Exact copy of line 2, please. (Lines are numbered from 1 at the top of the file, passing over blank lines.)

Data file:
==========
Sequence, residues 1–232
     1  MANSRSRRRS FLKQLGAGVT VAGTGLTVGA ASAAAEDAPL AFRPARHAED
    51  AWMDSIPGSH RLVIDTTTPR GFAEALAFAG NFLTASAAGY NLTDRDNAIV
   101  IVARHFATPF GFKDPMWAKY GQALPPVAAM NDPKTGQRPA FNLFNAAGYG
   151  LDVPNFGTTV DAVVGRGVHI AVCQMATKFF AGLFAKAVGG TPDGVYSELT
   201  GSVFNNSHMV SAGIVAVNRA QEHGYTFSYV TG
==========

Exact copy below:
     1  MANSRSRRRS FLKQLGAGVT VAGTGLTVGA ASAAAEDAPL AFRPARHAED